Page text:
Summer Siesta: Doi Posto Eelish for our Band of Hundred

My Sunday morning was beginning to look very dark thanks to an inexorable wait at the bank. I lost my cool at one pm, walked off, picked some eggs and bread and made myself some fantastic French Toast for breakfast topped with Australian Cheddar which Spice and More had given me. I then headed to Pushpa's. Picked some great Hilsa, Pomfret and Parshe (for my in laws) and could sense my frazzled nerves beginning to soothe. K's brief to me was to make something which was not hot at all. I began to hear the clouds part and the birds chirp as I thought up of recipes, executed them with Banu's help and took the first bite of lunch.

Update: 11/10/12 Here's my cooking video on the same

Here's what we had for lunch. Hilsa cooked in a light, cool, heady poppy base, tempered with a bit of yoghurt. The inspiration for dish came from the posto eelish that I earlier ate at Oh Calcutta's River water festival. And Nilakshi's method for cooking the rohu based doi maachh.

Here's my recipe for Doi Posto Eelish

Part 1: prep
  • Smear six pieces of Hilsa with a touch of turmeric and salt.
  • Shallow fry and set aside
  • Make a paste of 50 to 75 g of posto/ khus khus/ poppy seeds, ditto whole mustard seeds, two tablespoons of curd, one teaspoon each of turmeric and salt, half a teaspoon each of sugar, coriander and cumin powder and a few coriander leaves. Use a food processor or a 'Mixie' as it used to be called here.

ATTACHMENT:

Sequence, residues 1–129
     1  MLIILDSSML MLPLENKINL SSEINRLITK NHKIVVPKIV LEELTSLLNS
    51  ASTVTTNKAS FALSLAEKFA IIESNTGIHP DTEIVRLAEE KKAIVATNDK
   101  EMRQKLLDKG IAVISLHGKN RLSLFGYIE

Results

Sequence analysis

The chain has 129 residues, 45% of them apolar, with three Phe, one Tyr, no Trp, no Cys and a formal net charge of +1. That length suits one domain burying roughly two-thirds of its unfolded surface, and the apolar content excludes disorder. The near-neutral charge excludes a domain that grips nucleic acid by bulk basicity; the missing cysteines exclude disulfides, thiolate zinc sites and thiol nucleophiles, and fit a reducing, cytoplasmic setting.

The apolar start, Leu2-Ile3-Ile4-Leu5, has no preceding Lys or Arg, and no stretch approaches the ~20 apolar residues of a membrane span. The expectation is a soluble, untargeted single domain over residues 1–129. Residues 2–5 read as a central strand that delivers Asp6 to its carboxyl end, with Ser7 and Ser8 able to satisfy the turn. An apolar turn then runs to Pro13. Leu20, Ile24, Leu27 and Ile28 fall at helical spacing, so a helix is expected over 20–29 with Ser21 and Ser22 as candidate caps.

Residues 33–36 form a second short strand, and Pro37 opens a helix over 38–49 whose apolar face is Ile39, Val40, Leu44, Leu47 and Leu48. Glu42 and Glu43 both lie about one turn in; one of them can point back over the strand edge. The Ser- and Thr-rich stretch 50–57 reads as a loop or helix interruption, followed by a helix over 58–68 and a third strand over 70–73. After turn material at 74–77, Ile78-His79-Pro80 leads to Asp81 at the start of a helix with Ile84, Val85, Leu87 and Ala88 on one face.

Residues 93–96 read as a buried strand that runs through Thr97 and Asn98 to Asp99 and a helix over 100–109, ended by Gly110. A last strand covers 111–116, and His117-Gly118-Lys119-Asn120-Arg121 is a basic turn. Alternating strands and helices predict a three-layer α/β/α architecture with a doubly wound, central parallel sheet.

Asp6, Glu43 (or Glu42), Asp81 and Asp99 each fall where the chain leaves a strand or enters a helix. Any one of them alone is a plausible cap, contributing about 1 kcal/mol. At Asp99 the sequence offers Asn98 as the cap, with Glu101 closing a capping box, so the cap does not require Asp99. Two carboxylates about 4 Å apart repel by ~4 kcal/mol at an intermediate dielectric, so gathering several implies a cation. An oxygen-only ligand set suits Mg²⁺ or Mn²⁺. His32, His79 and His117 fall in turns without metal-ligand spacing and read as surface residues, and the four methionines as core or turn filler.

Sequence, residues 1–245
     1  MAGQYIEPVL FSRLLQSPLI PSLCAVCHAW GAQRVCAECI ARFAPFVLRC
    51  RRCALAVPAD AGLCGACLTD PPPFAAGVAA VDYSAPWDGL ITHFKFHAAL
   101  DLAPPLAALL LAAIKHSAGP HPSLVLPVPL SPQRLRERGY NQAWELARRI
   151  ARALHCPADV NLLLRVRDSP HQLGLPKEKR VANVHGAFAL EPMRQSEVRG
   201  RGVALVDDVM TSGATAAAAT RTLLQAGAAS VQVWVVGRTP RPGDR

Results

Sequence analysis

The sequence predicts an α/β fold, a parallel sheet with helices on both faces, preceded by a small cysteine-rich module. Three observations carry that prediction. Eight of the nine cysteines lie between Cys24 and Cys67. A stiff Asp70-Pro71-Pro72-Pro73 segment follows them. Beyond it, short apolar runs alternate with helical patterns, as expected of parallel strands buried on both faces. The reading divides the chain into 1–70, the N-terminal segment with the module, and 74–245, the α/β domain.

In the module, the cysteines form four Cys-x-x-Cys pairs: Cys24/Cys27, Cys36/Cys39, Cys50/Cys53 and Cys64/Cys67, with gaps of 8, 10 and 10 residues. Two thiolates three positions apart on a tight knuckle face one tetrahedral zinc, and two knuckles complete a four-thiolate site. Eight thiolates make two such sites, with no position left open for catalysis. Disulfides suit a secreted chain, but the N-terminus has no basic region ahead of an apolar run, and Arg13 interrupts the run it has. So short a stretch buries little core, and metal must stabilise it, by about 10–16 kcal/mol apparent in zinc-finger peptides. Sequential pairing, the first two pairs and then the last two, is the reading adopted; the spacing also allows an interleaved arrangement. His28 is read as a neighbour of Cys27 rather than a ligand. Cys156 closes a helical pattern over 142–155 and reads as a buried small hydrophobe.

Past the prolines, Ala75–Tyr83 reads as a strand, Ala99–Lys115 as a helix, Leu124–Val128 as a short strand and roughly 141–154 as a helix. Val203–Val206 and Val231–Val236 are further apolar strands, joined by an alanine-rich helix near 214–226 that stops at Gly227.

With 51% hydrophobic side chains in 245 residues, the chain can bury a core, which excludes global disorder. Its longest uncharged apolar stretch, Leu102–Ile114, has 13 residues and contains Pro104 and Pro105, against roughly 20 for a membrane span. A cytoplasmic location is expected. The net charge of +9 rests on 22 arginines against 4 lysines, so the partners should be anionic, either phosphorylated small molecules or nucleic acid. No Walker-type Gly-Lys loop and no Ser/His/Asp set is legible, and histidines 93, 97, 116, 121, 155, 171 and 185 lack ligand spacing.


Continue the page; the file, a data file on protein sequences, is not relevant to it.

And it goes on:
• Add the marinade to the fish in a micro wave cooking bowl. Let the fish soak in the marinade over 15 - 30 min

Part 2: Micro'd

  • Cook the fish in marinade mix for two minutes.
  • Switch off. Take out. Gently turn the fish pieces around. Put it back into the micro
  • Two more minutes and you are done
  • Add half a teaspoon of mustard oil on top before cooking if you want for that Bengali touch

Eat this with steamed rice. But only when you know that you can follow it with a nap. You can eat it with a bite of green chilly. Wicked. You could choose to not fry the fish and just steam it. I reckon that you will  need eight instead of four minutes then.

Both K and I loved the dish. Pushpa's fish was fresh as usual. The paste was soothing and pleasant, very well flavoured. Ethereal. Danced gently in your mouth. As if swaying to soft, melodious Rabindra Sangeet.

Now for some good news. Finely Chopped Blog got its hundredth follower. Two years, eighth months after we started. Thanks to each of you who have been there supporting me. Would have stopped two years seventh months back otherwise. Check out the Finely Chopped Facebook Page for more lively updates.